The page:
U.S. Energy Dept to offer loan aid to renewable energy companies

WASHINGTON, March 28 Fri Mar 28, 2014 6:07pm EDT

WASHINGTON, March 28 (Reuters) - The U.S. Energy Department will soon issue a plan to offer loan aid for renewable energy projects, Energy Secretary Ernest Moniz said on Friday, doubling down on investments that have drawn intense criticism over past government-backed business flops.

A department loan program funded by the 2009 economic stimulus law that backed solar, wind and geothermal projects was widely attacked by Republicans after the high-profile failure of solar panel manufacturer Solyndra.

Despite the bankruptcy of Solyndra and other recipients of department funds, the Obama administration has stressed that most of its energy investments have been successful, refusing to bow to calls to scrap its remaining loan programs.

"We will have another call in the loan program for renewables and efficiency in the not-too-distant future," Moniz said at a policy forum for the American Council on Renewable Energy.

He did not specify how much loan aid would be offered or specify the type of projects the department would seek to fund.

The department issued a plan last year to offer up to $8 billion in loan assistance for fossil fuel projects that reduce greenhouse gas emissions.

No loan guarantees have been issued under that proposal yet.

Moniz pointed to the success of utility-scale solar power plants backed by the department through the stimulus package as an example of what the administration hopes to continue to accomplish.

Solar power plants are now being built in the United States by private companies without federal loan aid.

"We want to fund some of the first movers that push the technology out there and then have the private sector expand it," Moniz said.

Critics of the loan program have accused the administration of favoring political allies. They argue that the government should not be picking winners and losers in the energy market.

A 2005 law established a multi-billion dollar Energy Department loan program to help finance ground-breaking energy technologies. The proposed fossil fuel project loans would be funded under this long-stalled measure and the renewable energy projects likely would be, as well.

Loan aid through the program has been hampered by an arduous application process and stringent conditions for approval. The department has pledged with its latest loan proposals to end the logjam. (Reporting by Ayesha Rascoe; Editing by Dan Grebler)

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Comments (2)
Cl1ffClav3n wrote:
Here’s the government’s record of picking winners.

Administration-backed enterprises that have gone bankrupt with US taxpayer money include:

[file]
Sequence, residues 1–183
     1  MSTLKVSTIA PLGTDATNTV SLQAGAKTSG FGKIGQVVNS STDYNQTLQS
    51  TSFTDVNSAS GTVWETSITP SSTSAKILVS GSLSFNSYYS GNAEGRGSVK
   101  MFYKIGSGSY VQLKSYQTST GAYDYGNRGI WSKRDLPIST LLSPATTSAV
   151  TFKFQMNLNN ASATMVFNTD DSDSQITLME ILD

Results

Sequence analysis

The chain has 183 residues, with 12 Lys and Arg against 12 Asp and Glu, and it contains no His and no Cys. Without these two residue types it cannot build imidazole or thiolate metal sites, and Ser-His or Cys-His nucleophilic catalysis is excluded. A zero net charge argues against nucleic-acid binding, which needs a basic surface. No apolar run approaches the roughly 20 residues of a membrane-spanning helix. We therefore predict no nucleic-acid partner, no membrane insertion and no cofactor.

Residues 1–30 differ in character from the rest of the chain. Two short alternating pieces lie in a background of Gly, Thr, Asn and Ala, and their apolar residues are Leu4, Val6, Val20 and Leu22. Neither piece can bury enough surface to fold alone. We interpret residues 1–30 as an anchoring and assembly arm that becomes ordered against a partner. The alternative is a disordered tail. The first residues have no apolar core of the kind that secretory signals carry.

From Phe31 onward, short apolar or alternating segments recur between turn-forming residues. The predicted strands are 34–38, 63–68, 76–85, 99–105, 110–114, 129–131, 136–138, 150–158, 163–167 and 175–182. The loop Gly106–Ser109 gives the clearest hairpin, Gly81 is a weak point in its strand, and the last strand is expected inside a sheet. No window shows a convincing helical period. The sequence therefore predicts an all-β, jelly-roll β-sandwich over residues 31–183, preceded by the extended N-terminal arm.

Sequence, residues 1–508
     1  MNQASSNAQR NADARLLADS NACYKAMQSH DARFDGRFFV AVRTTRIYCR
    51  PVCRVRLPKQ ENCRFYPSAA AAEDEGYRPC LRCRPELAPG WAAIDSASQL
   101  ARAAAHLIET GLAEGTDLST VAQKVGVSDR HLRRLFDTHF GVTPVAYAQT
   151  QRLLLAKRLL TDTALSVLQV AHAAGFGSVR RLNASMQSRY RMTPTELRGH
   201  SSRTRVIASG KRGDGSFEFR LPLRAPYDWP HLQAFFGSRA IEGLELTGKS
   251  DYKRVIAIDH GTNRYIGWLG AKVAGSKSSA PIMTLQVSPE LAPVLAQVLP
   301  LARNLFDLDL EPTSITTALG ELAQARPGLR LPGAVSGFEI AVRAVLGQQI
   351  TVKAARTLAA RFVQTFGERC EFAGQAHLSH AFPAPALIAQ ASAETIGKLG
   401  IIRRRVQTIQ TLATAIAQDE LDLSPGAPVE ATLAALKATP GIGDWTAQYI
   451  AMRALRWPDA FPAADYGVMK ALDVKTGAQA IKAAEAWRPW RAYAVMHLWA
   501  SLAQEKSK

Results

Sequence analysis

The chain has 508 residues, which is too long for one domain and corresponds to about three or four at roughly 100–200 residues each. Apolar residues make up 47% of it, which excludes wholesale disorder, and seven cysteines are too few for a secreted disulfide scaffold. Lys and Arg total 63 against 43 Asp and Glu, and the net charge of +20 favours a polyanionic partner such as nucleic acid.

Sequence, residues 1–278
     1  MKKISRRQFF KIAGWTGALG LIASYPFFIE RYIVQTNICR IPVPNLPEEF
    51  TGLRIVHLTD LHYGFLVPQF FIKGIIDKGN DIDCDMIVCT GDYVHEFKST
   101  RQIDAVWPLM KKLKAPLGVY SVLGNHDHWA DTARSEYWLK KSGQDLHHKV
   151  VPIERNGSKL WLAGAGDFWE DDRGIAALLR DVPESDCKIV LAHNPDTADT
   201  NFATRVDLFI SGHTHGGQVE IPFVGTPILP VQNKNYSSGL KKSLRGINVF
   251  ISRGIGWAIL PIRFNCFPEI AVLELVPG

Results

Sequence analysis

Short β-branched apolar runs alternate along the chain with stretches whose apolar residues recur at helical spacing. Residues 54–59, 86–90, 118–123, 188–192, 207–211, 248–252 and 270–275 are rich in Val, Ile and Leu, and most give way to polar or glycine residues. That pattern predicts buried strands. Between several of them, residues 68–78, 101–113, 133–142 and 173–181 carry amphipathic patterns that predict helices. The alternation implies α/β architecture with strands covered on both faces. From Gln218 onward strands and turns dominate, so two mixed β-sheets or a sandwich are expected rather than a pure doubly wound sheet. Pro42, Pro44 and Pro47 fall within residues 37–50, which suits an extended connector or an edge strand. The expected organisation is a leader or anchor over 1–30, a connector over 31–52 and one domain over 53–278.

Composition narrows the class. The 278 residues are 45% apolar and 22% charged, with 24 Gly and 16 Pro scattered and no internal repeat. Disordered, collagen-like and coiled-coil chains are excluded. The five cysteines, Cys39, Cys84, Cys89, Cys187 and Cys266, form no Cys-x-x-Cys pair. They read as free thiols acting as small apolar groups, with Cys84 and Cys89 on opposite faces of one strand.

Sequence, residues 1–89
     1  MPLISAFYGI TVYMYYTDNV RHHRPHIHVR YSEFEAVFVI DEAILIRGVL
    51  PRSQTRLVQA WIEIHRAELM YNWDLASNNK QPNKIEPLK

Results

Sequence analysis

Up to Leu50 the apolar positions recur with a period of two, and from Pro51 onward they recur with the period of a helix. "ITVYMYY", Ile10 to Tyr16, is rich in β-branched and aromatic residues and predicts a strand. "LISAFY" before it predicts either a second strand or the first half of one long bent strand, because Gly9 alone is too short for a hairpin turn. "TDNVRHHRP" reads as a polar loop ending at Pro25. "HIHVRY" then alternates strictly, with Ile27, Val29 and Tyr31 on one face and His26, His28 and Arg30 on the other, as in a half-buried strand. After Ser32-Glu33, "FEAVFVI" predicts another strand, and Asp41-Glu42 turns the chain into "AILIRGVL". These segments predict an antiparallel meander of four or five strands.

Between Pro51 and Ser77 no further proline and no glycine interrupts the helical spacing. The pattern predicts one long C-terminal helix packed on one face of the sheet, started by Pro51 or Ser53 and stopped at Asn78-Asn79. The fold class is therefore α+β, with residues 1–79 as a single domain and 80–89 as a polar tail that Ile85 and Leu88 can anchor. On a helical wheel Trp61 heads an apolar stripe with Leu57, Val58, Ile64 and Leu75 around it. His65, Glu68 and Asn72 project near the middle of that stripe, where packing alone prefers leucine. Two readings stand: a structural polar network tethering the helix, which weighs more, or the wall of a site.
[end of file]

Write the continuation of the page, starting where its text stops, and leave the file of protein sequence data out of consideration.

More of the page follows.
Brightsource ($1.6 billion)
First Solar ($1.46 billion)
SunPower ($1.2 billion)
Solyndra ($535 million)
Fisker Automotive ($529 million)
Abound Solar ($400 million)
A123 Systems ($279 million)
Babcock and Brown ($178 million)
Range Fuels ($156 million)
Compact Power ($151 million)
ECOtality ($126.2 million)
Ener1 ($118.5 million)
Mascoma Corp. ($100 million)
Nevada Geothermal ($98.5 million)
Amonix ($96.5 million)
Vestas ($50 million)
Beacon Power ($43 million)
Navistar ($39 million)
Raser Technologies ($33 million)
Evergreen Solar ($25 million)
Konarka Technologies Inc. ($20 million)
Nordic Windpower ($16 million)
Energy Conversion Devices ($13.3 million)
UniSolar ($13.3 million)
Olsen’s Crop Service and Olsen’s Mills Acquisition Company ($10 million)
Stirling Energy Systems ($7 million)
Thompson River Power ($6.5 million)
Azure Dynamics ($5.4 million)
Satcon ($3 million)
Mountain Plaza, Inc. ($2 million)
Willard and Kelsey Solar Group ($700,981)
SpectraWatt ($500,000)
GreenVolts ($500,000)

And even ones that haven’t gone under are terrible investments. For example, the giant $2.2 billion Ivanpah thermal solar facility that just came online this year has no storage, uses essentially the same technology as the decommissioned Solar One in Mojave built the 1980s, and was built at a cost of $19/watt — more than twice as much as a nuclear plant and 10 times as much as a natural gas plant. And taxpayers covered $1.6 billion of that money pit as a DOE loan guarantee.

Mar 29, 2014 6:15pm EDT  --  Report as abuse
JMSilver wrote:
This is surprisingly lazy reporting for the normally impressive Reuters. Instead of actually covering what Moniz said (which expanded on the need for renewables and why this effort and approach made sense), the article uses it merely to rehash the old, tired political battle, without even nothing to note that none of those attacks turned out to be accurate). Loan aid was only hampered by an unwieldy process before that process was fixed…in 2010!. C’mon, if you have nothing to report, report nothing.

Mar 31, 2014 10:16am EDT  --  Report as abuse
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